Once one figures out what is fun (often by a process of elimination: by trying and finding out what is not) - then one will find that Just Doing It is rewarding in and of itself. But how to go about doing it can be part of the process as well. Perhaps you find that working 24 hours straight really is the thing. You might not find out that it isn’t the thing until you try. It can take time to figure out you’re not a morning person. Or you are a morning person. Or you were for so long not a morning person - and now - you are. And so that can take discipline so that the experiencing self and the remembering self are aligned. This is why people can train themselves (which is to say learn) to love exercising and lifting heavy weights or running long distances or doing any kind of hard physical activity that they know is beneficial in the long run. But what if you’re not there? How can you pull yourself up by non-coercive bootstraps to begin exercising if you already hate it. Well: you don’t know you hate it and stop telling yourself you do. And why do you want to work out hard anyways? Perhaps just try for 10 minutes. Later try 15. And so on. Be disciplined in trying. Does this mean coercing yourself? No. Well: not exactly. Ah! You might think. Got him! He’s appealing to a form of coercion so that you can “find the fun”. Well no.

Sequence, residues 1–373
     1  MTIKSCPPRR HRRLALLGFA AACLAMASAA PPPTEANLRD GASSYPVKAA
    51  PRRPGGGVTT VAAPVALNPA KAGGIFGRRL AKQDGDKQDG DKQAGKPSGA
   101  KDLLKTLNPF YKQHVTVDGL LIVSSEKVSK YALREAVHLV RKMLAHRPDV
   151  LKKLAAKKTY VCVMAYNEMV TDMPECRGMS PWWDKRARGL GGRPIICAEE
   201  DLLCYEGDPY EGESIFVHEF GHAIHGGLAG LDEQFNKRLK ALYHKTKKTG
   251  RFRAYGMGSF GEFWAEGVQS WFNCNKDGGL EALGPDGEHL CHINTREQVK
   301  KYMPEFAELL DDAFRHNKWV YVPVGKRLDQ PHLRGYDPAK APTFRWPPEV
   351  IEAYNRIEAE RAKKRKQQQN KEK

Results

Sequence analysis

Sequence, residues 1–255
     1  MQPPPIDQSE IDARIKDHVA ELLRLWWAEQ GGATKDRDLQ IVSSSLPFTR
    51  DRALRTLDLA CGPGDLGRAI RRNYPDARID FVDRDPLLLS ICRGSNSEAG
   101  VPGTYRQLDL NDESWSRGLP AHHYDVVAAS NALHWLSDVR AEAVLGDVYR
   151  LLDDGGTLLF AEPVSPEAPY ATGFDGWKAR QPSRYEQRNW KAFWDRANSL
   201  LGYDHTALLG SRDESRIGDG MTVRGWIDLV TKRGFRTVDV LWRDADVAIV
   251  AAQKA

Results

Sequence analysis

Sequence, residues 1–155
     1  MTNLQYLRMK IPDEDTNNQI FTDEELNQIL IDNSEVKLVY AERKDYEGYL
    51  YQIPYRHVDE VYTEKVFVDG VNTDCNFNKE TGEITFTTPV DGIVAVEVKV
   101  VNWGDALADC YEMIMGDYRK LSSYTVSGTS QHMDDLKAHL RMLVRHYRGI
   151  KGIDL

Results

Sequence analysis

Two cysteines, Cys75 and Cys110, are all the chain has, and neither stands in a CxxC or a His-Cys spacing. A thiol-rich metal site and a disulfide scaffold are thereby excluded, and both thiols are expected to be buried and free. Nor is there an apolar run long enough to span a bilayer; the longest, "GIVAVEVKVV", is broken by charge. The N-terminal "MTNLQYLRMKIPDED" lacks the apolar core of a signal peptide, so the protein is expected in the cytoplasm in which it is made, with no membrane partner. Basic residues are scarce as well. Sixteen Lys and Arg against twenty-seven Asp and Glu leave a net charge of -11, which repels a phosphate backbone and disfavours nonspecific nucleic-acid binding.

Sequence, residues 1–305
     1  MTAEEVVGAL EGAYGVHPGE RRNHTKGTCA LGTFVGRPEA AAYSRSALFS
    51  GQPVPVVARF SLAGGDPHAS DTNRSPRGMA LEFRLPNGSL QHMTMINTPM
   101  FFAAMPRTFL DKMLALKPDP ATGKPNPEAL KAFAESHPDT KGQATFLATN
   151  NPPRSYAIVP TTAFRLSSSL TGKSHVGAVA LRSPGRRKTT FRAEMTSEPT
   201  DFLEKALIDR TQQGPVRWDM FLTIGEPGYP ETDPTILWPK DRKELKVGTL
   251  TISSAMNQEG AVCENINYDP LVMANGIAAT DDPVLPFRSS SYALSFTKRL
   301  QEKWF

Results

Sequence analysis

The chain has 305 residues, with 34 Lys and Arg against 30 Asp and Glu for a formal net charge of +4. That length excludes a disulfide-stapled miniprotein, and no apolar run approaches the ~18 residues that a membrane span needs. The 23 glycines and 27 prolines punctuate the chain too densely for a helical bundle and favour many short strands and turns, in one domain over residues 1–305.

Words have multiple meanings and senses: they cannot be infinitely precise and many times words can have two senses that are even opposed to each other. Words that mean their opposite are called “Janus words”. A common one, more often used in military settings is “fast”. If a guard is told to “stand fast” - they are being told to go nowhere. The fast means “to secure in place” - as in fasten. But of course we all know fast can mean move quickly - rather the opposite of going as slowly as possible - moving nowhere. More classically “cleave” can mean both to split apart and to join together.